Great for rhetoric classes and political debates, these printable flash cards cover different logical fallacies
There are 15 flash cards in this set (3 pages to print.)
1. Print out the cards.
2. Cut along the dashed lines.
3. Fold along the solid lines.
Sample flash cards in this set:
|Ad Hominem||The attack upon a person for non-relevant traits they have rather than the viewpoint they hold.|
|Strawman Argument||An attack on an exaggerated position that an opponent does not truly hold to make their true position seem ridiculous or easier to oppose.|
|Appeal to Ignorance||Argues that something must be true (or false) because there is no evidence proving it otherwise.|
|False Dilemma||Artificially limits many possible options down to two extremes, forcing a choice between the two.|
|Slippery Slope Fallacy||The unsubstantiated argument that a fairly harmless action will lead to a chain of events that will ultimately result in something extreme, dangerous, or harmful.|
|Circular Argument||A repetitive argument that repeats the same claim in multiple ways and uses that redundant argument as proof that the initial claim is true.|
|Hasty Generalization||An argument based on a few or insufficient examples or anecdotes rather than data that can be proven or verified.|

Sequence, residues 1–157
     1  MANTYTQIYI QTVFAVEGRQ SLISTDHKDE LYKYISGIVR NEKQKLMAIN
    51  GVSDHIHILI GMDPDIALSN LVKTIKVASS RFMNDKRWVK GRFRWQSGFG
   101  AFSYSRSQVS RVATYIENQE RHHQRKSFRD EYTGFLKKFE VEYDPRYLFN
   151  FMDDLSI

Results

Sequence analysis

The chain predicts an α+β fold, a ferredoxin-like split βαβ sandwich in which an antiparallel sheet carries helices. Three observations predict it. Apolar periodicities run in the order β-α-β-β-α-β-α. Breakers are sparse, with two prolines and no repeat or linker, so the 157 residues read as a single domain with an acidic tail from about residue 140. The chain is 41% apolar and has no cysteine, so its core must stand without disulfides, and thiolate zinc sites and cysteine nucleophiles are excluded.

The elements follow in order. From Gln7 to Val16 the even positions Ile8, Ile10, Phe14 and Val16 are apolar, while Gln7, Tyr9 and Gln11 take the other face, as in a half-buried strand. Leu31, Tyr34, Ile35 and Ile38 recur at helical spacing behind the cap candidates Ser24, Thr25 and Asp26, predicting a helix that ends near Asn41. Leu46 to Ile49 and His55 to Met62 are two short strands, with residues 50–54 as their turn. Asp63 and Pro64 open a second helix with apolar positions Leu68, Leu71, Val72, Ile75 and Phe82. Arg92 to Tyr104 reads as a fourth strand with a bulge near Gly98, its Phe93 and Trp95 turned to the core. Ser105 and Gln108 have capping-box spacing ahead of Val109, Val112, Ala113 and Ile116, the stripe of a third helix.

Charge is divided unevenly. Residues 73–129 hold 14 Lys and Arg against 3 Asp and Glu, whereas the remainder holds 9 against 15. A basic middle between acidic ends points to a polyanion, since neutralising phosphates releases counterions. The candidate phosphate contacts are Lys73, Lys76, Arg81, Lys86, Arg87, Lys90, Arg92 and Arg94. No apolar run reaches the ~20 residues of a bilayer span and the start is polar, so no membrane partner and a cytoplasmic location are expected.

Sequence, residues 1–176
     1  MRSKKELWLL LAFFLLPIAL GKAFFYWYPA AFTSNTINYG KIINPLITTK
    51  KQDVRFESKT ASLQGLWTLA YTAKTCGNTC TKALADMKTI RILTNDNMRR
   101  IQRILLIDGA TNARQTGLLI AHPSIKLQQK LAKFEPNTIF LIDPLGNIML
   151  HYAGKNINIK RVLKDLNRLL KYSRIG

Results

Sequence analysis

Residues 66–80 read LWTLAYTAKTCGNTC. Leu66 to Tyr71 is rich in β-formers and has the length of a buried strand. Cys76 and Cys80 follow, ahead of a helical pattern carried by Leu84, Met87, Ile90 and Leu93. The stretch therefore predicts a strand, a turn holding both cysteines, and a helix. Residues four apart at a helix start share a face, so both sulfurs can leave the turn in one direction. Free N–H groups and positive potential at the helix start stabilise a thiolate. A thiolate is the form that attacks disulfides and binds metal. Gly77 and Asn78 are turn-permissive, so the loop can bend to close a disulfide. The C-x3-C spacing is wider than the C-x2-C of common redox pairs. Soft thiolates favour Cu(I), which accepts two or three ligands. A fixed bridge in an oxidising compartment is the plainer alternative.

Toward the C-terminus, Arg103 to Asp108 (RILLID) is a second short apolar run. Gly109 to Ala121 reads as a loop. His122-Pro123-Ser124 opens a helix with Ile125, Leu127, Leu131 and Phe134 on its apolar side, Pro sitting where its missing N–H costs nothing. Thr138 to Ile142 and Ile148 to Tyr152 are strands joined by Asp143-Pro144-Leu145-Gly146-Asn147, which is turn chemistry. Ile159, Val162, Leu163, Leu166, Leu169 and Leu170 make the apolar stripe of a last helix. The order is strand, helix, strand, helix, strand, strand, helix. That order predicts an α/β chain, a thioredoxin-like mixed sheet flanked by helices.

|Red Herring Fallacy||An argument that hinges on something irrelevant to the subject that is used to distract or confuse the real issue.|
|Appeal to Hypocrisy||The deflection of blame and criticism away from the self by pointing out the flaws or hypocrisy of the opponent.|
|Causal Fallacy||The fallacy of coming to a conclusion without proper evidence or information (also mistaking correlation for causation).|
|Fallacy of Sunk Costs||The assumption that one must stick with something bad, unwanted, or harmful simply because they have already invested time, money, effort, etc. that they cannot get back.|
|Appeal to Authority||Applying unearned credibility to a viewpoint simply because the person holding it is in a position of authority, especially if their credentials are not relevant to the subject.|
|Equivocation||Words, phrases, promises, or arguments that are deliberately vague or designed to confuse, deceive, or have double meanings.|
|Appeal to Pity||An attempt to exploit the feeling of empathy and pity in the listener to make them more lenient or understanding of a viewpoint.|
|Bandwagon Fallacy||The assumption that something is good or right simply because a lot of other people support or believe in it.|